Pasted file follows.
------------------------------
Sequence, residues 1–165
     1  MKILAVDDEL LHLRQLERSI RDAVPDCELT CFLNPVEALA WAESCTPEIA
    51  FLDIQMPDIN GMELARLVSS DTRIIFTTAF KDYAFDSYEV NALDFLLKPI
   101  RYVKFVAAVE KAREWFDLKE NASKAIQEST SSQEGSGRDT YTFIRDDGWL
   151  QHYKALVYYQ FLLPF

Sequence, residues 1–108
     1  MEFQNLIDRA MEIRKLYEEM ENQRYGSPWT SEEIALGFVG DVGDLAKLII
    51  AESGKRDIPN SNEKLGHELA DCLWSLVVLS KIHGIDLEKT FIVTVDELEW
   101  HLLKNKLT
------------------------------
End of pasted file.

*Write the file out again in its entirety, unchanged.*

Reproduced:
Sequence, residues 1–165
     1  MKILAVDDEL LHLRQLERSI RDAVPDCELT CFLNPVEALA WAESCTPEIA
    51  FLDIQMPDIN GMELARLVSS DTRIIFTTAF KDYAFDSYEV NALDFLLKPI
   101  RYVKFVAAVE KAREWFDLKE NASKAIQEST SSQEGSGRDT YTFIRDDGWL
   151  QHYKALVYYQ FLLPF

Sequence, residues 1–108
     1  MEFQNLIDRA MEIRKLYEEM ENQRYGSPWT SEEIALGFVG DVGDLAKLII
    51  AESGKRDIPN SNEKLGHELA DCLWSLVVLS KIHGIDLEKT FIVTVDELEW
   101  HLLKNKLT